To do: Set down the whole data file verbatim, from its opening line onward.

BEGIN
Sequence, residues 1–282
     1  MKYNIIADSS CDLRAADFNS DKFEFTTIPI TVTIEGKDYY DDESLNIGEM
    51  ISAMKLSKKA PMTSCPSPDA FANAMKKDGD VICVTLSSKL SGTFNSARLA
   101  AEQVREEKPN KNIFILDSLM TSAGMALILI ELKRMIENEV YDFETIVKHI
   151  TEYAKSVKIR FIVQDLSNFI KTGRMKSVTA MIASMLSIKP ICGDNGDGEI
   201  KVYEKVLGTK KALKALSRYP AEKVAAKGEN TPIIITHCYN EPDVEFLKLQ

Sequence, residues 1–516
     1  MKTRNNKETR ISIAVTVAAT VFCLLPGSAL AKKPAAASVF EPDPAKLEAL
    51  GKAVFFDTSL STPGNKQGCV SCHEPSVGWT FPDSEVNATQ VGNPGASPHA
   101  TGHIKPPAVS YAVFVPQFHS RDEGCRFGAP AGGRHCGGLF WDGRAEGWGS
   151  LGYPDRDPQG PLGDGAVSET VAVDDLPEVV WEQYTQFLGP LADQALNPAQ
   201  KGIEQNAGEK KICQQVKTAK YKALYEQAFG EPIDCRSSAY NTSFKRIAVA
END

Sequence, residues 1–282
     1  MKYNIIADSS CDLRAADFNS DKFEFTTIPI TVTIEGKDYY DDESLNIGEM
    51  ISAMKLSKKA PMTSCPSPDA FANAMKKDGD VICVTLSSKL SGTFNSARLA
   101  AEQVREEKPN KNIFILDSLM TSAGMALILI ELKRMIENEV YDFETIVKHI
   151  TEYAKSVKIR FIVQDLSNFI KTGRMKSVTA MIASMLSIKP ICGDNGDGEI
   201  KVYEKVLGTK KALKALSRYP AEKVAAKGEN TPIIITHCYN EPDVEFLKLQ

Sequence, residues 1–516
     1  MKTRNNKETR ISIAVTVAAT VFCLLPGSAL AKKPAAASVF EPDPAKLEAL
    51  GKAVFFDTSL STPGNKQGCV SCHEPSVGWT FPDSEVNATQ VGNPGASPHA
   101  TGHIKPPAVS YAVFVPQFHS RDEGCRFGAP AGGRHCGGLF WDGRAEGWGS
   151  LGYPDRDPQG PLGDGAVSET VAVDDLPEVV WEQYTQFLGP LADQALNPAQ
   201  KGIEQNAGEK KICQQVKTAK YKALYEQAFG EPIDCRSSAY NTSFKRIAVA